Since recession, N.H. tuition is up, while support for public higher ed is down

  • Students walk past the historic Thompson Hall at the University of New Hampshire in Durham in April 2016. AP file

Monitor staff
Published: 8/30/2017 5:08:25 PM

Higher education spending in New Hampshire is the lowest in the nation and continues to lag behind pre-recession levels, leading the state’s schools to rely far more on student tuition than on public support, according to a recent study by the Center for Budget and Policy Priorities in Washington, D.C.

The study, which used data from the State Higher Education Executive Officers Association, found New Hampshire is one of 44 states whose funding levels are lower than they were before the recession.

Since fiscal year 2008, just before the recession, New Hampshire’s appropriations per full-time student in the public higher education system have dropped 25 percent, according to the data.

Overall, the study found that funding for colleges and universities around the country has dropped by $9 billion compared to inflation-adjusted levels in 2008.

The spending cuts have directly caused increases to tuition costs and student debts, the study found. In New Hampshire, tuition rose an average of 1.9 percent – $299 – from 2016 to 2017, according to the study, which cited figures from the College Board.

In its national report, the left-leaning think tank said the cuts came out of state legislators’ decision to reduce spending rather than raise taxes in order to plug budget shortfalls after the recession.

“A more balanced mix of spending cuts and revenue increases could have lessened the need for higher education funding cuts,” the report states.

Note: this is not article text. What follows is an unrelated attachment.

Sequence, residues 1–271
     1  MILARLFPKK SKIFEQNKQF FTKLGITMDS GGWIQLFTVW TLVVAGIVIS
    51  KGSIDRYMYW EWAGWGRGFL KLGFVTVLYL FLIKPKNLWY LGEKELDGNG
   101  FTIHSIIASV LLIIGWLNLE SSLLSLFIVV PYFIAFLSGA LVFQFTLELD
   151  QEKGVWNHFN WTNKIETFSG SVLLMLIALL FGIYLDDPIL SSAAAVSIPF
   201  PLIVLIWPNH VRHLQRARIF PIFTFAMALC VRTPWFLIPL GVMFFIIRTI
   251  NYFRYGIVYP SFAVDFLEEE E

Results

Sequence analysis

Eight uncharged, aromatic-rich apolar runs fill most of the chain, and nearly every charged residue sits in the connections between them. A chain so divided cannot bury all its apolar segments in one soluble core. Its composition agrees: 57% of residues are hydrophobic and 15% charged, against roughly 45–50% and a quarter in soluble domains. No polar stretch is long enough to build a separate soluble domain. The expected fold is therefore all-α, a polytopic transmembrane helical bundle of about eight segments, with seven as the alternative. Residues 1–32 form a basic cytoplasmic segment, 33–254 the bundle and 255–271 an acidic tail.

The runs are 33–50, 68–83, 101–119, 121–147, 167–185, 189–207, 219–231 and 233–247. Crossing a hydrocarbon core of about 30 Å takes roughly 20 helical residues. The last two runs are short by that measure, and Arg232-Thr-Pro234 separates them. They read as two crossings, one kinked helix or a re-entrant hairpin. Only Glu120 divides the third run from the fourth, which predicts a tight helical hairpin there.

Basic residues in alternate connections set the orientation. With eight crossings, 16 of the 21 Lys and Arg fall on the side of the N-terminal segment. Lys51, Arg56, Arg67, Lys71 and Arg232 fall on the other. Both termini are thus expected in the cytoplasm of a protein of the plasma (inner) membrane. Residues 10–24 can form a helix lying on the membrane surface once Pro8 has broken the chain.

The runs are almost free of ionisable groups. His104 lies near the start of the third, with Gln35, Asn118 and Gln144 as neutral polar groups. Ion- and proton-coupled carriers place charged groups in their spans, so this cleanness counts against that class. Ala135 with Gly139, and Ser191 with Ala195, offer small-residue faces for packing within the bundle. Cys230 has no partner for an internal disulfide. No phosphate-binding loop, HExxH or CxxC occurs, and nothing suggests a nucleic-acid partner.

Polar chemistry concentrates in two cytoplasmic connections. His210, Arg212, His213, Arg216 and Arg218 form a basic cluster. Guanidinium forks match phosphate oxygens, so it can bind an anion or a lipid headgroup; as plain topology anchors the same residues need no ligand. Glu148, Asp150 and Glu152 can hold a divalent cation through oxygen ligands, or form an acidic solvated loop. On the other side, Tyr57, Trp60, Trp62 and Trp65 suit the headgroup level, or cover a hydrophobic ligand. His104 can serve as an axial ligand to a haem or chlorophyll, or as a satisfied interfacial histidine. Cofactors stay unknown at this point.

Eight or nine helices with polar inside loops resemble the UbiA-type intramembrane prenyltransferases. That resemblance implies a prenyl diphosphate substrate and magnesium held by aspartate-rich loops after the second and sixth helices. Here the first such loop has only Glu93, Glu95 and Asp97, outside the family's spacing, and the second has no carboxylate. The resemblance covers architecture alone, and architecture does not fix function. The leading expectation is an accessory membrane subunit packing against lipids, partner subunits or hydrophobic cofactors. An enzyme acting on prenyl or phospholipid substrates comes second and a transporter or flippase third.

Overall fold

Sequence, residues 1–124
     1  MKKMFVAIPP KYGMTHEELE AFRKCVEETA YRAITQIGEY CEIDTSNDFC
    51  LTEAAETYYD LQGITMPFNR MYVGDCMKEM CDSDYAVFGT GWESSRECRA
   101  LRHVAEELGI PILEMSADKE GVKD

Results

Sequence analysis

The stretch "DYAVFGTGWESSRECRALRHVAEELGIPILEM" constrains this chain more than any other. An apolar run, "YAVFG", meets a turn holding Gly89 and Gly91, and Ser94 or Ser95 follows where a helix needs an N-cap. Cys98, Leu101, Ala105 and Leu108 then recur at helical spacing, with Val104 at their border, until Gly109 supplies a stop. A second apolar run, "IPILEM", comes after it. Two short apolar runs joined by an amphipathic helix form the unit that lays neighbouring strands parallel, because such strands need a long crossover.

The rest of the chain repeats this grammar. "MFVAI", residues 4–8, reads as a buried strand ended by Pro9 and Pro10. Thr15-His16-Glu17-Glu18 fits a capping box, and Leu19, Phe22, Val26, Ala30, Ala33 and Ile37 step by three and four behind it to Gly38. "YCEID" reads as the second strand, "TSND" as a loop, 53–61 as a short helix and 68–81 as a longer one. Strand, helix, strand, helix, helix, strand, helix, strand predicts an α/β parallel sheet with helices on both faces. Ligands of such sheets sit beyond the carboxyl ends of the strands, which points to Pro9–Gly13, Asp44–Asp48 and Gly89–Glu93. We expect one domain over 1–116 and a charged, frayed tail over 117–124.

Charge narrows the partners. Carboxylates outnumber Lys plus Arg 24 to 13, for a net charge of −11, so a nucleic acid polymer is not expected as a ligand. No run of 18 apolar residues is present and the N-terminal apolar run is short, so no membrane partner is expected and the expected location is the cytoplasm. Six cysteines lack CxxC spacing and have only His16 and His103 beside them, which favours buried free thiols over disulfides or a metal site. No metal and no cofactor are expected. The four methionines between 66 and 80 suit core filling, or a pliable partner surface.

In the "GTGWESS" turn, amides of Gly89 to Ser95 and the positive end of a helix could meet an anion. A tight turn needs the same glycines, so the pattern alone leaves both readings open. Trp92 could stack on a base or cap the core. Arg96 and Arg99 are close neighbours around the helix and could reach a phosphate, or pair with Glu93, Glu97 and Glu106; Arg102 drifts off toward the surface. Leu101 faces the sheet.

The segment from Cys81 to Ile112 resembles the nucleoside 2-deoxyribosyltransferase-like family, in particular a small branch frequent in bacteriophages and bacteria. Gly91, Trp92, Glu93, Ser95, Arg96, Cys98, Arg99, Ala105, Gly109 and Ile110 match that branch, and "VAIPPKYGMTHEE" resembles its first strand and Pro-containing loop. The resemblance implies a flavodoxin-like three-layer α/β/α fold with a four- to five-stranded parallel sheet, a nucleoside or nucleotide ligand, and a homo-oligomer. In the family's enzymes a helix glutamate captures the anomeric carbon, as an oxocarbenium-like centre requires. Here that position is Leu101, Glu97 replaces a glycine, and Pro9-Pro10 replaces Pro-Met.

The Granite State has long held dubious distinctions of its own in higher education funding: In fiscal year 2015, New Hampshire provided the lowest amount in higher education money per capita in the country, the association found. And New Hampshire’s graduating class of 2015 had the highest average student debt of any state, according to research from the Institute for College Access and Success.

Traditionally, New Hampshire leans heavily on students to pay for public higher education; in fiscal year 2014, New Hampshire apportioned 1.9 percent of total tax revenues for higher education, well below the national average of 5.8 percent.

And nearly 80 percent of revenue came from tuition in fiscal year 2016 – the second-highest proportion of any state other than Vermont. Vermont and New Hampshire have been the most tuition-dependent states in the nation for decades, according to the study, a finding echoed by the New Hampshire Fiscal Policy Institute.

Since the recession, net revenue from tuition has increased 16.2 percent in New Hampshire, while inflation-adjusted support for higher education has declined.

As concerns over student debt mount, some New Hampshire higher education institutions are taking matters into their own hands. This year, the University of New Hampshire has 400 tuition-free students, as part of a financial aid program for state residents who qualify for Pell Grants.

And increased costs have not appeared to deter demand. Full-time enrollment at public higher educational institutions has increased by 11 percent since the recession, according to the association. At UNH, the freshman class has grown by 100 students.

Stay informed with our free email updates
Concord Monitor Daily Headlines
Concord Monitor Breaking News
Concord Monitor Dining & Entertainment
Concord Monitor Report For America Education
Concord Monitor Report For America Health
Concord Monitor Real Estate
Concord Monitor Sports
Concord Monitor Suncook Valley
Concord Monitor Contests & Promotions
Concord Monitor Weekly Most Popular
Concord Monitor Granite Geek
Concord Monitor Monitor Marquee
Concord Monitor Hopkinton
Concord Monitor Politics
Concord Monitor MY CONCORD
Concord Monitor Franklin

Concord Monitor Office

1 Monitor Drive
Concord,NH 03301


© 2021 Concord Monitor
Terms & Conditions - Privacy Policy

Customer Service

Social Media


View All Sections

Part of the Newspapers of New England Family